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Louie Crew
377 S. Harrison Street, 12D
East Orange, NJ 07018

Phone: 973-395-1068 h

Please sign the guestbook and view it.

Louie & Ernest Clay-Crew
Married February 2, 1974


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RE: diocesan convention ideas

Our previous bishop retired at the last convention (January 2007).  It will
be interesting to see what changes our new bishop brings to our convention.

I've attended diocesan convention in many dioceses for decades; I have found
none to be as lively and engaging as those in Newark.  Some of it is the
legacy of +Jack Spong, who loved conventions. Out of the Bishop's
Discretionary Fund he paid for all current seminarians to come home to
attend it:  he felt it was an important part of shaping their understanding
of the church beyond the parochial level.

All of our bishops have helped to focus the diocese on one or more pressing
issues before the world and the church.  Often they have appointed task
forces to deal with an issue (Assisted Suicide, Racism, Christian Sexuality,
Homosexuality, Global Warming, Minority Vendors.....).  They appoint
talented people with differing perspectives, charge them to review the
issues rigorously, and report to the Convention.

We typically have at least one bishop visitor at the convention from
elsewhere, sometimes someone who radically disagrees with the current
bishop.  (Before I arrived, Bishop Spong invited Bishop Wantland here.  I am
not sure whether that was for a convention or for one of the two lecture
series sponsored by the diocese each year at that time.)  At the end of the
convention, the guest bishops are required to grade our convention, and
specifically to address what needs to be improved, not just what they liked.
Planning for the next convention always tries to respond to these critiques.

Our canons require that we have a Eucharist on each day of the 2-day
convention.  Planners for the conventions try to introduce us to the huge
variety in our diocese.  For example, one of our old parishes has always
been a native American parish (right here in Northern New Jersey) and they
led one of our services on year.  Several of our congregations are a rainbow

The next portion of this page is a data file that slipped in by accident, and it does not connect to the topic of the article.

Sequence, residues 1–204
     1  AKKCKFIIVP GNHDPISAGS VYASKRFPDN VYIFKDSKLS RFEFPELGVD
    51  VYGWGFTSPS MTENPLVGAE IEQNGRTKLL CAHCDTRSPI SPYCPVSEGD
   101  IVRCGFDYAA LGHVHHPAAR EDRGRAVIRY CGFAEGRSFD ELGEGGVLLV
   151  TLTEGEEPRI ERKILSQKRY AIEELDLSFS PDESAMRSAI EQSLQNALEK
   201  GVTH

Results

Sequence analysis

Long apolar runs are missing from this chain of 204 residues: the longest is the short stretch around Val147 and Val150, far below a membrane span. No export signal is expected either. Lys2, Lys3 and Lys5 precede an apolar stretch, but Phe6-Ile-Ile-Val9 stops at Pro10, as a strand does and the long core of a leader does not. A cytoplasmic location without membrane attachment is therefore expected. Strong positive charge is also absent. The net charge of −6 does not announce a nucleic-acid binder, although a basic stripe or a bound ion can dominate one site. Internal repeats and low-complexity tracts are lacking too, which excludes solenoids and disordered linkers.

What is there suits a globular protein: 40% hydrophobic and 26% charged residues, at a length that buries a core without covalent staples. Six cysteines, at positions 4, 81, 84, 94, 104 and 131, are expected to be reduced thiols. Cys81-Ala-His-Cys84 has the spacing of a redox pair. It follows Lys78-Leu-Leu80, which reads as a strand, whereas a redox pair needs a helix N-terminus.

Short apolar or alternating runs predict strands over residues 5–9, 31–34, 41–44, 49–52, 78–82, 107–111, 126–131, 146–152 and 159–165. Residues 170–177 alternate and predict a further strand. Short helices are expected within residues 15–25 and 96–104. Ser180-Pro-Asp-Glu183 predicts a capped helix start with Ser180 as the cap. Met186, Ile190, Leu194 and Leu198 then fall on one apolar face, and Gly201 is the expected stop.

of Caribbean culture, and Caribbeans have sometimes been features in the
liturgy, sometimes in the evening entertainment after the banquet on the
first night.   We have close ties to the Church of South India, which shares
some of our buildings; on several occasions they have led in our main
Eucharist on Saturday.

We always have lively hearings by the

*  budget committee
*  the resolutions committee
*  the nominees' forum before any elections at a convention (stump speeches)

During legislative sessions, we follow good parliamentary procedure,
enforcing time limits, allowing all sides to be heard (alternating between
pro- and con- positions).

The bishop almost always addresses some of the cultural issues in our state,
not just issues of concern to the church.  The major newspapers of NJ always
send their best reporters.   We expect to be challenged.

For all balloting except where canons might prohibit, we use the Hare
Preferential Ballot system with all elections.   It tends to support a far
wider spread of people than simple majority balloting.   In it one must vote
for every candidate and rank them in order of preference.   Some people who
would rarely be the first choice of people still get elected because of the
wide support for them as second choice.......

Increasing young people are vital part of our convention -- not just as
pages as they have long been -- but as elected people with vote and voice.
Each of our ten districts elects one 'youth representative' (14-18 yrs old,
if I remember correctly).  These sit not with their congregations, as do all
other delegates, but at a table of the 10 together.

Many conventions I have attended in other dioceses are primarily clergy
parades.  In liturgy as well as in legislation, as leaders and as the led:
lay and clergy alike are ubiquitous.

One reasons our conventions go well is the series of 3 meetings around the
diocese to prepare delegates.  An elected delegate may go to any one of the
3 'duplicate' meetings.  Leaderships from the treasurer's office explain in
great detail the budget as of the date of that meeting.  Members from the
nominating committee explain in detail the election process.  The secretary
of convention walks us through the rules of submitting printed materials for
approval and in printing in advance enough copies. Members of the
resolutions committee walk us through all of the resolutions.   Members of
tasks forces give a preview of their reports......    Very little of the
convention time itself has to be given to these technical matters.  These
meetings also give the presenters a preview of what to expect in reactions
at convention itself.  Often a committee meets again to fix problems that
can be fixed, to prepare their responses to objections that are

We try to stay strictly on schedule.  Often the hotel will bill us an
exorbitant fee is we are not concluded and out of the room by the time
agreed in advance, as they have to prepare the ballroom for an event that

Exhibits are quite extensive, not only those of diocesan
organizations/ministries, but also vendors.  We're on the left bank of the
Hudson, so that makes it easy to exhibit.  Many organizations that address
poverty, hunger,.... housing, ecology.... show up, as to the vestment
makers -- firms large and small.

Not everyone likes conventions, and not everyone likes ours.  Some would
prefer that conventions be non-events, do only what absolutely has to be
done.....   Those people would likely give a different report of our

I hope some of this is helpful.

Have a Blessed Advent.


Louie Crew, 377 S. Harrison St., 12d, East Orange, NJ 07018.  973-395-1068

Please sign my guestbook and view it.

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